Tactile detection response task: Metrics for assessing drivers’ cognitive workload

Huizhong Guo, Linda Ng Boyle, James W. Jenness, John D. Lee

Research output: Contribution to journalArticlepeer-review


The Tactile Detection Response Task (TDRT) has been used to assess the cognitive workload of driver distraction with response time and miss rate as metrics of cognitive workload. However, it is not clear which metric is more sensitive and whether sensitivity is maintained for visual tasks. The objective of this study was to assess the sensitivity of the TDRT to changes in cognitive workload and to examine whether the sensitivity depends on task modality. A driving simulator study was conducted with 24 participants. The study included restaurant selection tasks with three presentation modalities (auditory, visual, and hybrid) and two difficulty levels (low and high). The high difficulty level was designed to be more cognitively demanding than the low difficulty level. Mixed-effects models were applied to examine the TDRT metrics and task difficulty level. The model controlled for age group, gender, and included a random effect for participants. The high difficulty level of the auditory tasks significantly increased the likelihood of missing a TDRT stimulus. No statistically significant differences were observed for visual and hybrid tasks. TDRT response time was not significantly associated with the difficulty level, regardless of task modality. In this study, the binary outcome TDRT miss was thus considered a more sensitive metric of cognitive workload than TDRT response time. TDRT response time can still be used to measure cognitive workload when tasks are relatively easy and the TDRT miss rate is close to zero. In addition, the sensitivity of the TDRT miss diminished for tasks that involved a visual component. Researchers who use TDRT to measure the cognitive workload associated with visual tasks should be aware of this limitation.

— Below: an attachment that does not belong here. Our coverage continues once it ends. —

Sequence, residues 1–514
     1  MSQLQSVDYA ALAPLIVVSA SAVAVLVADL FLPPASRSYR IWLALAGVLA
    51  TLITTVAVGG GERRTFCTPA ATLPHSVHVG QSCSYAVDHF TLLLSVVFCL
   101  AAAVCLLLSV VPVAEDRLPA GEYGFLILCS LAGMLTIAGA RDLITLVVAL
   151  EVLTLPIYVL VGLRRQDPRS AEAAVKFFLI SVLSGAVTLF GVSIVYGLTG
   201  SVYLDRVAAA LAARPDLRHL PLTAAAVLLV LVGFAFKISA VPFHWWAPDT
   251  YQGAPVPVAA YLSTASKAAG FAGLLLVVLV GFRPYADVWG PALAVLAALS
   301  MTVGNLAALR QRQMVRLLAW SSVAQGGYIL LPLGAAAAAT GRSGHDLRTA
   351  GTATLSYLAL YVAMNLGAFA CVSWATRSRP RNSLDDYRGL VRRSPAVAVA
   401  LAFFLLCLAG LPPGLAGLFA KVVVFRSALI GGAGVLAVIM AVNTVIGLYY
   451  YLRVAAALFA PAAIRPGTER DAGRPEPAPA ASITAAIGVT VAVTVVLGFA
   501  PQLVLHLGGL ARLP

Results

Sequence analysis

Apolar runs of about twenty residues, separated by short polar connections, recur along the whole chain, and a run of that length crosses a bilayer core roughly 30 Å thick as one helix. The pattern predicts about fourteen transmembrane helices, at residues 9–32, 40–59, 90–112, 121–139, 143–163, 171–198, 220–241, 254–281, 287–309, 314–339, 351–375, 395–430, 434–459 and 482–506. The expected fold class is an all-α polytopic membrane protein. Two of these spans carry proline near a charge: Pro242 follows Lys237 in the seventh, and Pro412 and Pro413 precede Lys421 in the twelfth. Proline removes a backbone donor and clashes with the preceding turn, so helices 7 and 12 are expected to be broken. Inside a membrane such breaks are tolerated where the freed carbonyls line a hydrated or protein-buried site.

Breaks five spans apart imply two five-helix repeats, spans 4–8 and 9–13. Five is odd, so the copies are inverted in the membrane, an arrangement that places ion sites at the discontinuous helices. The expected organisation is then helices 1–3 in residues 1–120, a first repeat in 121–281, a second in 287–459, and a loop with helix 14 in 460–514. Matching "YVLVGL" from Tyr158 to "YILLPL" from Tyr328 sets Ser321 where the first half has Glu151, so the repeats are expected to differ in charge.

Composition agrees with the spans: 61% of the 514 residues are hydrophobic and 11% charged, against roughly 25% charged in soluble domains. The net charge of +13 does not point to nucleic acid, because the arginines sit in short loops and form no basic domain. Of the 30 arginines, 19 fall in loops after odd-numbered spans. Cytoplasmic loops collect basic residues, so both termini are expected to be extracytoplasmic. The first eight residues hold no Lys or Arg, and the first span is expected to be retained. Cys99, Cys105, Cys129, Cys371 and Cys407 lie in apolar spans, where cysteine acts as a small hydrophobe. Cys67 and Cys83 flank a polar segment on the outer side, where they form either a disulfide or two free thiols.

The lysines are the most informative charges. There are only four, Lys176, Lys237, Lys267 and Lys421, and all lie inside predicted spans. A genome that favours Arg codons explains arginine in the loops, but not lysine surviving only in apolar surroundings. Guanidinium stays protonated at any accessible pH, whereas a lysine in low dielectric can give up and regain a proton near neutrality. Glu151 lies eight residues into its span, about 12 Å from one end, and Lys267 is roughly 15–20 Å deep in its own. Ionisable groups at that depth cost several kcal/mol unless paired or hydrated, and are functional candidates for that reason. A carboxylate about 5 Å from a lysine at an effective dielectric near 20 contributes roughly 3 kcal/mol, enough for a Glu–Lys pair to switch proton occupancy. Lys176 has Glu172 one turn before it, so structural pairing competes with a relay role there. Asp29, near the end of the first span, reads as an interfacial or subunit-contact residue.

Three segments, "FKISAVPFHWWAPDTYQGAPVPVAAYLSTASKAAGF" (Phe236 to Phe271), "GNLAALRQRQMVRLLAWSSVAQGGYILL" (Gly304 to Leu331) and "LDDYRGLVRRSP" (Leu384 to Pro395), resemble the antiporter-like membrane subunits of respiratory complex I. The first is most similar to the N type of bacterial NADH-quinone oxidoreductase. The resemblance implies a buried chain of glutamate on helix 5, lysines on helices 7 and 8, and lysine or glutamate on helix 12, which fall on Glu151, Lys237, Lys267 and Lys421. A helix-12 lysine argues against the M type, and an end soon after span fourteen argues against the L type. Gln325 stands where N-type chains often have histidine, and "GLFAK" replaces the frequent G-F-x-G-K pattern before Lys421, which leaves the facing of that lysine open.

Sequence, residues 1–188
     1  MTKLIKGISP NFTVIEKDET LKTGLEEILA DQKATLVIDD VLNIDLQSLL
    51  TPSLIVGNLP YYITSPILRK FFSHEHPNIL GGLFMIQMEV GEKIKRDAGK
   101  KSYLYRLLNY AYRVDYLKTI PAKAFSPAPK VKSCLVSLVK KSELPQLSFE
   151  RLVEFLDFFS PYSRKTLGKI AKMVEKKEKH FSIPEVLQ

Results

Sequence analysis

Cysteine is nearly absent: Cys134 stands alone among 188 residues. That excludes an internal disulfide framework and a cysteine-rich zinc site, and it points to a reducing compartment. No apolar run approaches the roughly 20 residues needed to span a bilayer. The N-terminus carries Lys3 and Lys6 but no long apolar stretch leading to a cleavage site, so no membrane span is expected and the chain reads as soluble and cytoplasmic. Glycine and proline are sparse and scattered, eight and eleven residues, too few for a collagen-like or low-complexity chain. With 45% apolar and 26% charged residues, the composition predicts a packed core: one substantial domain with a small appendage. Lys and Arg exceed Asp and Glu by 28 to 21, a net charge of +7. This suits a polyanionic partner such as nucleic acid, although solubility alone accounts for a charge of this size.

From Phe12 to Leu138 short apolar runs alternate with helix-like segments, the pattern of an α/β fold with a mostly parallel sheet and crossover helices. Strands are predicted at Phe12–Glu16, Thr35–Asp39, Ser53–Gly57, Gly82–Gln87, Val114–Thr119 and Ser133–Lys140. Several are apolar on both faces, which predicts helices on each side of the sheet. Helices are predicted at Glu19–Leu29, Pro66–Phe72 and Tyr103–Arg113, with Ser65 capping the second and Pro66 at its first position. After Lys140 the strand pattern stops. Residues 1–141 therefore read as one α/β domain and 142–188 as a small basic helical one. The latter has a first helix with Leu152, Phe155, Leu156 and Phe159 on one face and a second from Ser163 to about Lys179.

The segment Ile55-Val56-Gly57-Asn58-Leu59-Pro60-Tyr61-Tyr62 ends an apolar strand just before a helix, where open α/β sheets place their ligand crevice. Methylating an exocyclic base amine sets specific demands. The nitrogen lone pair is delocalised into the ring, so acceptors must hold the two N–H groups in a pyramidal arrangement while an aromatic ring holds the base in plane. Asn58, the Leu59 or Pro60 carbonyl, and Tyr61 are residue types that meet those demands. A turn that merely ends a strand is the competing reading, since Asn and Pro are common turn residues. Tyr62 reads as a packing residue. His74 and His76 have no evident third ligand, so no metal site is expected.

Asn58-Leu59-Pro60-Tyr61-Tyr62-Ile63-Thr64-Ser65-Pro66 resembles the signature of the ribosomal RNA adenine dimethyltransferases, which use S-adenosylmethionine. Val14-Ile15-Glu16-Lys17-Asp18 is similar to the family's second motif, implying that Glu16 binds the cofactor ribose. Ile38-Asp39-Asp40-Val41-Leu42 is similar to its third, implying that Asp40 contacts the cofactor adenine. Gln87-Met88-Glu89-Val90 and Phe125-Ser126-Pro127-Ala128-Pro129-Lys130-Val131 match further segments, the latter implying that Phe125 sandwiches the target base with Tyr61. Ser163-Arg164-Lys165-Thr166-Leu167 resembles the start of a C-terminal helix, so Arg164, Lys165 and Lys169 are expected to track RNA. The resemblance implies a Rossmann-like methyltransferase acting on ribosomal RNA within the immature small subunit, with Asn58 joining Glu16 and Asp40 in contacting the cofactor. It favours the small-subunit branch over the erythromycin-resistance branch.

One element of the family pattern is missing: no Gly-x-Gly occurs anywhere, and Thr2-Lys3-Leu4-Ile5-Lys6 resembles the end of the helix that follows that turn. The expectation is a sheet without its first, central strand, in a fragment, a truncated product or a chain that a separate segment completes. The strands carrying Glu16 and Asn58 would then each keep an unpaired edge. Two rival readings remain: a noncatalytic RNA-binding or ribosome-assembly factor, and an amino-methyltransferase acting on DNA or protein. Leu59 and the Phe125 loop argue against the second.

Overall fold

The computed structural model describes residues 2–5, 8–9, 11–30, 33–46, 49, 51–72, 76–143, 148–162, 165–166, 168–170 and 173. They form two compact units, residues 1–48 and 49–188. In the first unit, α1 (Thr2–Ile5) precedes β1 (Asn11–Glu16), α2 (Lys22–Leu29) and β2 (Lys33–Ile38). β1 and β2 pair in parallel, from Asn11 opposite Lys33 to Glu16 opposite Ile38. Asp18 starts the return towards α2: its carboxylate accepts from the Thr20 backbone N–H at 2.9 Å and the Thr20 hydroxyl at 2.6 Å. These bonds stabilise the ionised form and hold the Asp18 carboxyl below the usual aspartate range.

Original languageEnglish (US)
Pages (from-to)98-108
Number of pages11
JournalTransportation Research Part F: Traffic Psychology and Behaviour
StatePublished - Apr 2020


  • Cognitive workload
  • Distraction
  • Driving simulator
  • Secondary task
  • Tactile detection response task

ASJC Scopus subject areas

  • Civil and Structural Engineering
  • Automotive Engineering
  • Transportation
  • Applied Psychology


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